An appreciation of Black martial arts

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Kung fu movies have it all: action, humor, visual poetry, and a true sense of fun.

I can fondly recall my own obsession with those films in the mid ’80s. “Kung Fu Classics,” which aired every Saturday night on Detroit’s TV 20, was must-see TV. The out-of-synch voice overdubs, soaring sound effects, and classic revenge stories never seemed old to me; they came in all shapes, sizes, styles. Yes, after the ’70s and ’80s, the world mostly moved away from their collective fascination with martial arts movies.

To be sure, there are modern classics: “Crouching Tiger, Hidden Dragon,” “Kill Bill,” “Hero,” and “Lady Snow Blood,” but it’s doubtful we’ll see another double decade of popular culture-shaping martial arts films. With the release of the RZA’s new Kung fu flick, “The Man With the Iron Fists,” it’s a good time to reflect on some of the baddest Black dudes on the big and little screen.

Jim Kelly – a grandmaster in real life, Kelly is the iconic Black martial artist. The coolness, the afro, the assured movements across the screen made him a favorite – and the ladies loved him. (Key films: “Enter the Dragon,” “Black Belt Jones,” “Black Samurai”)

Wesley Snipes – In the “Blade” trilogy, Snipes got a chance to finally show off his own real life martial arts skills. The “Day Walker” dispensed vampires with style and cool, embodying the Black samurai for the late ’90s. (Key films: “Blade,” “Blade 2,” “Blade: Trilogy”)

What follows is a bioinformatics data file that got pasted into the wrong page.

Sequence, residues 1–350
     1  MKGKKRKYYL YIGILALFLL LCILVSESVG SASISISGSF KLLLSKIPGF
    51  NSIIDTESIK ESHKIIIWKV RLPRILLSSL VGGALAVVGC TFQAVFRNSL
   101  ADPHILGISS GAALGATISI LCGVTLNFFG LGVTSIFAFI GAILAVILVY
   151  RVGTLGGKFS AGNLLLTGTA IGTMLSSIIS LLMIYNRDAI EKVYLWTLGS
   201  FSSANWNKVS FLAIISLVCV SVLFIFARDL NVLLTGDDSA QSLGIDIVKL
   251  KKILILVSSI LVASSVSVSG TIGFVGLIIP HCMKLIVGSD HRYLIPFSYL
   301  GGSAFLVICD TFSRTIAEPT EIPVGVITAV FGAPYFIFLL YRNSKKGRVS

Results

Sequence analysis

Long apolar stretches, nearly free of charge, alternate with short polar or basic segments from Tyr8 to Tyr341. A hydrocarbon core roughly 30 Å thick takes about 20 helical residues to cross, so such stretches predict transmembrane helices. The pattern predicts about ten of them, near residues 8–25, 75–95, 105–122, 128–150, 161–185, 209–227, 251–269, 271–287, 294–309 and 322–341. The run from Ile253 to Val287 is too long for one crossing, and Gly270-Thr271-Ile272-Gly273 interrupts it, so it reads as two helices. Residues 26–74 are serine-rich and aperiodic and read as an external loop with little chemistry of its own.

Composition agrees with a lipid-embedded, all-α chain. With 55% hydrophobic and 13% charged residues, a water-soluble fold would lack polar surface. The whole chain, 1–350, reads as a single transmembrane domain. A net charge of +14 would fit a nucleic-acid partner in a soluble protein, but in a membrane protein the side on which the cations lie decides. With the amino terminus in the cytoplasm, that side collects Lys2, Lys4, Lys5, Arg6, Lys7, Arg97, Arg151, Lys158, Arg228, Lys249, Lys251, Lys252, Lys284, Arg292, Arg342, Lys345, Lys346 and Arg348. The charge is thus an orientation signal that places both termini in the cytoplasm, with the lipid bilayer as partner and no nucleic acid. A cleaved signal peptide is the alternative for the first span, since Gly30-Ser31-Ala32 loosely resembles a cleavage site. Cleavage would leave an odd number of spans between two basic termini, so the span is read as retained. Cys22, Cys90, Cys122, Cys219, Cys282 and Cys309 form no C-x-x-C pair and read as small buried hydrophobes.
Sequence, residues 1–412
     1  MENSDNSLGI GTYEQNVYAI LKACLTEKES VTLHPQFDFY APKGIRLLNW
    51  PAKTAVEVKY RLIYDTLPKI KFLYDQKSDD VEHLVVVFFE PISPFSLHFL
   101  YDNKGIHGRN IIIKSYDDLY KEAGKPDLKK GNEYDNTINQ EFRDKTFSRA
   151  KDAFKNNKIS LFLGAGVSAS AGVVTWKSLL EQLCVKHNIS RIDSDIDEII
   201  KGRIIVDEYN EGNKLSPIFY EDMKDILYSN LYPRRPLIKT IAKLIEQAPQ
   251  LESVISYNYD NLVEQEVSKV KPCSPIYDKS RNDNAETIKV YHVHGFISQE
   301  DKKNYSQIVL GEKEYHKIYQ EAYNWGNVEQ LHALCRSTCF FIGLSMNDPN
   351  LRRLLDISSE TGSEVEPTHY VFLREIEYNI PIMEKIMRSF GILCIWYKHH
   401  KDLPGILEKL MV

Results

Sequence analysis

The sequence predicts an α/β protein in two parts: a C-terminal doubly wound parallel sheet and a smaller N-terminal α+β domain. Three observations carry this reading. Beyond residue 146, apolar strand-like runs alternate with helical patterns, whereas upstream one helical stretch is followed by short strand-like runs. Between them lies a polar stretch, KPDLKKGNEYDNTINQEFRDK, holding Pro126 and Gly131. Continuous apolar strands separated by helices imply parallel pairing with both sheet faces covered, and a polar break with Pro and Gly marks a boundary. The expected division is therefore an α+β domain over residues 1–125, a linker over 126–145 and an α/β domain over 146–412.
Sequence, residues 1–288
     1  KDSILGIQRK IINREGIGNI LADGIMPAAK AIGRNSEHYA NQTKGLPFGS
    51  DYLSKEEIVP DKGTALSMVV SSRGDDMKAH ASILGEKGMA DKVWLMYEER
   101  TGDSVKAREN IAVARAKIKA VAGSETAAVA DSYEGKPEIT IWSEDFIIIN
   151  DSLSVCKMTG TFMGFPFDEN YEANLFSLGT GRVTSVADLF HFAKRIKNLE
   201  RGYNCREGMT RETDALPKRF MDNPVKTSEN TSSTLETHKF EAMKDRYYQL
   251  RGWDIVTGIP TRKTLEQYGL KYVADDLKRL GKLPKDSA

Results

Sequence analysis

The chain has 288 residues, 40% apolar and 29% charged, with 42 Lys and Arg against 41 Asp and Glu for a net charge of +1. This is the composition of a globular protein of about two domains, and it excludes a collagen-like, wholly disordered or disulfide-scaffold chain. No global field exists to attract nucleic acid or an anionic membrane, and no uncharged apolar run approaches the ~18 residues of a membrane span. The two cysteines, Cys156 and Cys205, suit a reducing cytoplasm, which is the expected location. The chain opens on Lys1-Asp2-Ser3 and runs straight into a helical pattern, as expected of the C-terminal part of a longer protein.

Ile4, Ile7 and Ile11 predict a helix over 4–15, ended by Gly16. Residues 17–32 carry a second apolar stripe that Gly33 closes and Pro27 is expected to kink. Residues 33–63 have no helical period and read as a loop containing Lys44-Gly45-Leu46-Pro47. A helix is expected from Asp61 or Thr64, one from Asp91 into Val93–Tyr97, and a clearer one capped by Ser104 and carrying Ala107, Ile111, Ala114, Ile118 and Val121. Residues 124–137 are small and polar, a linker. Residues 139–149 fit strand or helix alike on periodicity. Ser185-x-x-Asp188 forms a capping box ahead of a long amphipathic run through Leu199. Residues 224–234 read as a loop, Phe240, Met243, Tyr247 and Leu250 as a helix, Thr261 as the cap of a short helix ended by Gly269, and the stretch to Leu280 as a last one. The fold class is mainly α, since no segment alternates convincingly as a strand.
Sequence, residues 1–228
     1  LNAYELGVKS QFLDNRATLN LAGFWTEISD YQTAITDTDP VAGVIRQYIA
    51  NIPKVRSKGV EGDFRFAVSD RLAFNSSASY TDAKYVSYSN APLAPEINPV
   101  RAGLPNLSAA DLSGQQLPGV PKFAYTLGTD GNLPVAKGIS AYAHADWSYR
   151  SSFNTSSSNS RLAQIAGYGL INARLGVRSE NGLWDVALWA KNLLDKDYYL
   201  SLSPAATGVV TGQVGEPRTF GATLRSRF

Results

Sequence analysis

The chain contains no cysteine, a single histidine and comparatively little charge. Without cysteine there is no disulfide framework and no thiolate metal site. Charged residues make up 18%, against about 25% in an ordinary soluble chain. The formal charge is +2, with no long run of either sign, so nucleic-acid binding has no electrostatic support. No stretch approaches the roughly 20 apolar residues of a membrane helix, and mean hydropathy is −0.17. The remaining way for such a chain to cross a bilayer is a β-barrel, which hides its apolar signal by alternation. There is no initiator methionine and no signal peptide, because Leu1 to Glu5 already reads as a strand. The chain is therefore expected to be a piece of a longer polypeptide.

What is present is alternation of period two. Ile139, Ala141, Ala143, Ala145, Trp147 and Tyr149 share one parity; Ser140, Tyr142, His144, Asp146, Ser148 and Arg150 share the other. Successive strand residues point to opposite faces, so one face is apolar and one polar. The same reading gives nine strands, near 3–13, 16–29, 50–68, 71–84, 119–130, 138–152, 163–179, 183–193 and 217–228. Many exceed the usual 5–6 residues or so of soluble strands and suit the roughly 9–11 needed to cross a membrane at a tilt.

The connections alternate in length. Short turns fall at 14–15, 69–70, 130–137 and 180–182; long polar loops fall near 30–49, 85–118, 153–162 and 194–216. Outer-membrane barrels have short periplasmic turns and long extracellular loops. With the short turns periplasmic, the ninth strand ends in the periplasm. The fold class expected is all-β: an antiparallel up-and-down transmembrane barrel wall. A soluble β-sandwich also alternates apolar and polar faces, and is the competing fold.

Afro Samurai – Voiced by Samuel L. Jackson (with music by the RZA), this animated series featuring music by the RZA, is not only excellent, but essential viewing. (Key films: none yet)

Lawrence Fishburne – Donning the cool shades in “The Matrix,” Fishburne’s Morpheus was one part Yoda, one part Jim Kelly, and though he got quite “dusted” by Agent Smith in the first film, he thankfully redeemed himself by “Matrix Reloaded.” (Key films: “Matrix,” “Matrix Reloaded,” “Matrix Revolutions”)

Dolemite – Hey, he is the self-proclaimed biggest and “baddest,” right? We might laugh at Rudy Ray Moore’s Kung fu stances, but he really did represent everything that was cool about the martial arts craze. And let’s face it, Dolemite left plenty of bodies writhing on the ground from his carefully applied Karate chops. (Key Films: “Dolemite,” “Petey Wheatstraw,” “The Human Tornado”)

The RZA – Time will tell on this, but RZA’s character Blacksmith (whose mother is played by none other than Pam Grier), seems poised to join the long list of other Black characters with not only physical prowess, but also the mental acumen to defeat the bad guys, which is just as important as the butt kicking. Well, sort of. (Key film: “The Man With the Iron Fists”)

 

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